Copyright 2008 American Medical Association. All Rights Reserved. Applicable FARS/DFARS Restrictions Apply to Government Use.2008
The recent article by Scott et al1 presents valuable scientific results concerning the relationship between placebo and nocebo effects and the endogenous opioid and dopaminergic systems. From an ethical perspective, however, it can be characterized as deceptive research, deceptively described. Participants were deceived about the experimental design. It is reported that they were informed that “We are studying the effect of a pain relief medication” and that they would receive either this medication or placebo. In reality, they received only a placebo in connection with a pain stimulus. Additional deception derived from informing participants about possible adverse effects of the analgesic study medication, which was actually a placebo. Furthermore, it appears that participants were not told that the purpose of the study was to understand placebo and nocebo effects. The deceptive description of the research is reflected in 2 statements reported in the article. First, it is stated that “Written informed consent was obtained in all cases.” Unless “written informed consent” merely designates the signing of a consent document, informed consent was not obtained. The research involved deception about a key study intervention and probably also about the purpose of the research—2 basic elements of informed consent. Second, Scott et al reported in the “Methods” section that the disclosure to the participants was similar to typical placebo-controlled trials. In the “Comment” section, this point is repeated along with enumerating the basic elements of placebo-controlled trials, including “no deception” and “subjects who were aware that either an active or inactive drug could be administered.” Unlike placebo-controlled trials, this placebo mechanism experiment deceived the subjects by only administering placebo, despite telling them that they could receive either a pain medication or a placebo. The ethics of research using deception is controversial.2 All the more problematic is deceptive research that is misleading about the use of deception.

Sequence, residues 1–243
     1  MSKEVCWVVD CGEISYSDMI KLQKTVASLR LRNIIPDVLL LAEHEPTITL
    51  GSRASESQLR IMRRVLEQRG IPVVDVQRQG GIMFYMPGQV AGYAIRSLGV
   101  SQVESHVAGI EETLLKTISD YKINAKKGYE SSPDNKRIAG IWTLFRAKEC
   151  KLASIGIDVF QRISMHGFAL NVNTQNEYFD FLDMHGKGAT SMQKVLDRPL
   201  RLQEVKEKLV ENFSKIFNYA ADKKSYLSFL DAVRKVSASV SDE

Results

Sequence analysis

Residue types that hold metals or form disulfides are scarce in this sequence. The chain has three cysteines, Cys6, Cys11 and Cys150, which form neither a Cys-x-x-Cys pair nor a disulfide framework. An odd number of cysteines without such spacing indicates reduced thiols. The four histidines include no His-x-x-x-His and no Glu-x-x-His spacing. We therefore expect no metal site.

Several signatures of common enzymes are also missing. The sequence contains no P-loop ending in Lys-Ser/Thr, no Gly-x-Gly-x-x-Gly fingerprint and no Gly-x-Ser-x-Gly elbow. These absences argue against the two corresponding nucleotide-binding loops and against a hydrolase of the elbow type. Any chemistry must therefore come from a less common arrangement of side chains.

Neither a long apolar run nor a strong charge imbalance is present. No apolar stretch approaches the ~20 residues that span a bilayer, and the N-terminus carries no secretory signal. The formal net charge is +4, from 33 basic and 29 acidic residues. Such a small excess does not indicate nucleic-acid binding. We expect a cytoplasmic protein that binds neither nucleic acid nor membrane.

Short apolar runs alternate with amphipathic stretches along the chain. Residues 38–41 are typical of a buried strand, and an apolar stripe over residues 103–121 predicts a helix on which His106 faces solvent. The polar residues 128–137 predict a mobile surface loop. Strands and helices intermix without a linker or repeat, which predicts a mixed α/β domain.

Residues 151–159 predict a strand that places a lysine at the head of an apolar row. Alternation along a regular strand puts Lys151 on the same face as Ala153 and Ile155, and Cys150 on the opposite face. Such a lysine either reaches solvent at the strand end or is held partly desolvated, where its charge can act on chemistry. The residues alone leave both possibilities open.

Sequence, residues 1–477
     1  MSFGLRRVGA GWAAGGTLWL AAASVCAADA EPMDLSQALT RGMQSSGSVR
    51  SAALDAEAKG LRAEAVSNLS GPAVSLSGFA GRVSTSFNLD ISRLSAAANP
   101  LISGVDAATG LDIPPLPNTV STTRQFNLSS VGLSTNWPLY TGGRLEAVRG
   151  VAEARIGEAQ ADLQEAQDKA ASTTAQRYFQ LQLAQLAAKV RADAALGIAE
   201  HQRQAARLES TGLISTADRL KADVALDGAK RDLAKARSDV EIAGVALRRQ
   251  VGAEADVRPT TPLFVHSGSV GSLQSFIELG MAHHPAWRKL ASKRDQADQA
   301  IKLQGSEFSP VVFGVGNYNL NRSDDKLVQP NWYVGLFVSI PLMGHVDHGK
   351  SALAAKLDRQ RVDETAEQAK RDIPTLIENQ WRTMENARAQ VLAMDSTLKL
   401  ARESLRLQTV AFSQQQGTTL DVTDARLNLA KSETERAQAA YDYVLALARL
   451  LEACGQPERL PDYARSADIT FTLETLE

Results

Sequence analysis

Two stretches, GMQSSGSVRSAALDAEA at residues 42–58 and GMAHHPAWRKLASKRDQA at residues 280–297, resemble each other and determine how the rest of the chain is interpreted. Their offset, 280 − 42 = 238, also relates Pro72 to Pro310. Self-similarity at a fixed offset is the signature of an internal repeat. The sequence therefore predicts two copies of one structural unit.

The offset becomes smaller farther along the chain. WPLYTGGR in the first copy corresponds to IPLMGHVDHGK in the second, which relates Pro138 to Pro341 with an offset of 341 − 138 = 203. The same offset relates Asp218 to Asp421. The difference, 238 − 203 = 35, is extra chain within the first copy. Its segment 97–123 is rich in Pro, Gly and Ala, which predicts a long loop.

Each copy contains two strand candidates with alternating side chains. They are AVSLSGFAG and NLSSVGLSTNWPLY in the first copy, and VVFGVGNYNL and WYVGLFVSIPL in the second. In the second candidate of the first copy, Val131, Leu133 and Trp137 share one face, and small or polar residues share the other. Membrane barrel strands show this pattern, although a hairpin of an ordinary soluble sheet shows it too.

Miller FG. Deceptive Research. Arch Gen Psychiatry. 2008;65(10):1225–1226. doi:10.1001/archpsyc.65.10.1225-b
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